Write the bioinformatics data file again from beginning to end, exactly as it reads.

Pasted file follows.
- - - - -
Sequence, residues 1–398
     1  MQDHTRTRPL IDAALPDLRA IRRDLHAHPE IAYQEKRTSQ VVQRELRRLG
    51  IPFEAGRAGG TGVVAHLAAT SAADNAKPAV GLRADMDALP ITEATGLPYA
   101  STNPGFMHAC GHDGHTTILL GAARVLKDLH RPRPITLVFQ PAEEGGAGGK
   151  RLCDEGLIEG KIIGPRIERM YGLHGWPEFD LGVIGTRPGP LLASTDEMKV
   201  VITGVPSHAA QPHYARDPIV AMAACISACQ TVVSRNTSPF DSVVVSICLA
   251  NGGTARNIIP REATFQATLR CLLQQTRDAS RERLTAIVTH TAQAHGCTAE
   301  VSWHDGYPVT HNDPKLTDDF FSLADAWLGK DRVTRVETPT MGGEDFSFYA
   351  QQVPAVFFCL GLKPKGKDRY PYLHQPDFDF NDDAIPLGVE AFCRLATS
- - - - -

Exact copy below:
Sequence, residues 1–398
     1  MQDHTRTRPL IDAALPDLRA IRRDLHAHPE IAYQEKRTSQ VVQRELRRLG
    51  IPFEAGRAGG TGVVAHLAAT SAADNAKPAV GLRADMDALP ITEATGLPYA
   101  STNPGFMHAC GHDGHTTILL GAARVLKDLH RPRPITLVFQ PAEEGGAGGK
   151  RLCDEGLIEG KIIGPRIERM YGLHGWPEFD LGVIGTRPGP LLASTDEMKV
   201  VITGVPSHAA QPHYARDPIV AMAACISACQ TVVSRNTSPF DSVVVSICLA
   251  NGGTARNIIP REATFQATLR CLLQQTRDAS RERLTAIVTH TAQAHGCTAE
   301  VSWHDGYPVT HNDPKLTDDF FSLADAWLGK DRVTRVETPT MGGEDFSFYA
   351  QQVPAVFFCL GLKPKGKDRY PYLHQPDFDF NDDAIPLGVE AFCRLATS